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Session Description:

The goal of this tutorial is to cover the fundamental properties and applications of sensors used in precision engineering. This tutorial will cover important definitions and concepts needed for Precision applications. Because of the broad spectrum of sensors available the authors will focus on fundamentals and a manageable number of key sensor technologies that are common to precision applications. Sensor types that will be discussed include displacement, environmental, force and optical. Discussion will include basics of operation and some common precision applications.

Participants of this tutorial should have a basic understanding of signals and systems including some fundamentals of precision design. Material will be tailored to engineering professionals and students with basic knowledge of electronics and engineering.

Dr. Richard M. Seugling is the Manufacturing Engineering Section Leader within the Materials Engineering Division (MED) at Lawrence Livermore National Laboratory (LLNL).  He has been at LLNL since 2004 and has been supporting experimental programs on the National Ignition Facility for over 15 years. He began his career in the Precision Systems and Manufacturing group in the Materials Engineering Division supporting the National Ignition Campaign (NIC) before transitioning to the Defense Technologies Engineering Division focusing on High Energy Density Science (HEDS).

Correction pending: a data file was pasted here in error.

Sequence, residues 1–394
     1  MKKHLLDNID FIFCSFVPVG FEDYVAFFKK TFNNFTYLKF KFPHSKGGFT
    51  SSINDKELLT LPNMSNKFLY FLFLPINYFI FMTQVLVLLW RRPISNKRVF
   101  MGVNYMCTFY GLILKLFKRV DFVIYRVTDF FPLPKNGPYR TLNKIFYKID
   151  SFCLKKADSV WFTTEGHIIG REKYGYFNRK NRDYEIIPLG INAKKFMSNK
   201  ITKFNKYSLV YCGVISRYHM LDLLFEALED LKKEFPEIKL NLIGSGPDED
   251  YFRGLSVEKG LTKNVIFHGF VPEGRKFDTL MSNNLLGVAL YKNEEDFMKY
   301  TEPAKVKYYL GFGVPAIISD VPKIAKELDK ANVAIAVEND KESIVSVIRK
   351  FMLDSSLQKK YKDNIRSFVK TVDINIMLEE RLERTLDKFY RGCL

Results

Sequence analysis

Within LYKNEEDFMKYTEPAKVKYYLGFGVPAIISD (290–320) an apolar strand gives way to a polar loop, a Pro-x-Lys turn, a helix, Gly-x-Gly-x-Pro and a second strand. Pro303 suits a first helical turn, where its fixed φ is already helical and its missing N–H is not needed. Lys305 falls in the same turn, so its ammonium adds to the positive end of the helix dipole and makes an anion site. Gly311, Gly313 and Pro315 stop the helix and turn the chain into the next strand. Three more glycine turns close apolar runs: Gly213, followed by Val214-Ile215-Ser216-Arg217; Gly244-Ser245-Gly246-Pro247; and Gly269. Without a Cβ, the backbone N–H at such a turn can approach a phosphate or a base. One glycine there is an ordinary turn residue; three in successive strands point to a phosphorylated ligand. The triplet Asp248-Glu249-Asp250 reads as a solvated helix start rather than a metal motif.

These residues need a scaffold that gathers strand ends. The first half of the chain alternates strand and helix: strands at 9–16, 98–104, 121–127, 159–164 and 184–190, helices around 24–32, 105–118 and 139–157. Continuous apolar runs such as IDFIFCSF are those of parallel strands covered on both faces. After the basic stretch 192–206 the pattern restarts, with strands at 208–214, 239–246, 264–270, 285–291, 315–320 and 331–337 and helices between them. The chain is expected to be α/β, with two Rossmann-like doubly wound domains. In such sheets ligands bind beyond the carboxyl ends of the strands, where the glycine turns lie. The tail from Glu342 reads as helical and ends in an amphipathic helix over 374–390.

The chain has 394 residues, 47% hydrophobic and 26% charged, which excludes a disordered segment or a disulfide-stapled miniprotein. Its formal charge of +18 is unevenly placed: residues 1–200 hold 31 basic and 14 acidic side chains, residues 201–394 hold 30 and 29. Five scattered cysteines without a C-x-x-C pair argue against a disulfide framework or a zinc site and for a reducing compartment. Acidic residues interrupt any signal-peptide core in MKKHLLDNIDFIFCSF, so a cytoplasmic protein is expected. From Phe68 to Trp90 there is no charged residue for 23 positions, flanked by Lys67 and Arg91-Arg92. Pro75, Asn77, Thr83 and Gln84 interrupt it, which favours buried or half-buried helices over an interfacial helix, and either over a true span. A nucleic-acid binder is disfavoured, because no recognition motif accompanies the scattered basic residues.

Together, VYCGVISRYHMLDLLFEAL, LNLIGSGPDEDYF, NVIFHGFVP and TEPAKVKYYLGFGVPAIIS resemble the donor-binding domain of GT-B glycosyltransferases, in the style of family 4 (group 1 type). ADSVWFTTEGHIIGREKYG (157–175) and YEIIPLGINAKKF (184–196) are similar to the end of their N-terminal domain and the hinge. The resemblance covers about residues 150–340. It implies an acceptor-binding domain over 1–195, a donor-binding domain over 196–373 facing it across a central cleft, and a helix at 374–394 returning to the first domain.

Prior to joining LLNL, Dr. Seugling was serving a post doctorate appointment from the National Research Council (NRC) at the National Institute for Standards and Technology (NIST) where he worked in the Mass and Force group looking at alternative methods for defining the unit of mass. He has spent the last 15 plus years advancing Precision manufacturing and metrology through international organizations and is an active member of the international Precision Engineering community currently serving on the Board of Directors and Chair of the Precision Design Technical Leadership Committee.
Dr. Seugling holds a Doctorate in Mechanical Engineering from the University of North Carolina at Charlotte.